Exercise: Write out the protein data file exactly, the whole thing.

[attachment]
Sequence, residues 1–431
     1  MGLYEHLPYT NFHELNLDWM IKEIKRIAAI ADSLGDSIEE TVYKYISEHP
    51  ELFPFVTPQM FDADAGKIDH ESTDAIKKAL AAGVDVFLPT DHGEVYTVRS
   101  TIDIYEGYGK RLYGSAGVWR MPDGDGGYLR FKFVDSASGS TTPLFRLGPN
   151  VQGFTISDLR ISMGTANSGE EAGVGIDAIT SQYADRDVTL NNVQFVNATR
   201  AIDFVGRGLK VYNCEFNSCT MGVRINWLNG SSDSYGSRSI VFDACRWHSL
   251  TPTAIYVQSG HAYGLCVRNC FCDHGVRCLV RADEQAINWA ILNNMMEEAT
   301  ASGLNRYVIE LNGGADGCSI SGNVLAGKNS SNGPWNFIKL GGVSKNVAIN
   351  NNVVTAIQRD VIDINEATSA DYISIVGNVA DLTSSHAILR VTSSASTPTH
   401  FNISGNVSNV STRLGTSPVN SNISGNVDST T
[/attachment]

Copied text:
Sequence, residues 1–431
     1  MGLYEHLPYT NFHELNLDWM IKEIKRIAAI ADSLGDSIEE TVYKYISEHP
    51  ELFPFVTPQM FDADAGKIDH ESTDAIKKAL AAGVDVFLPT DHGEVYTVRS
   101  TIDIYEGYGK RLYGSAGVWR MPDGDGGYLR FKFVDSASGS TTPLFRLGPN
   151  VQGFTISDLR ISMGTANSGE EAGVGIDAIT SQYADRDVTL NNVQFVNATR
   201  AIDFVGRGLK VYNCEFNSCT MGVRINWLNG SSDSYGSRSI VFDACRWHSL
   251  TPTAIYVQSG HAYGLCVRNC FCDHGVRCLV RADEQAINWA ILNNMMEEAT
   301  ASGLNRYVIE LNGGADGCSI SGNVLAGKNS SNGPWNFIKL GGVSKNVAIN
   351  NNVVTAIQRD VIDINEATSA DYISIVGNVA DLTSSHAILR VTSSASTPTH
   401  FNISGNVSNV STRLGTSPVN SNISGNVDST T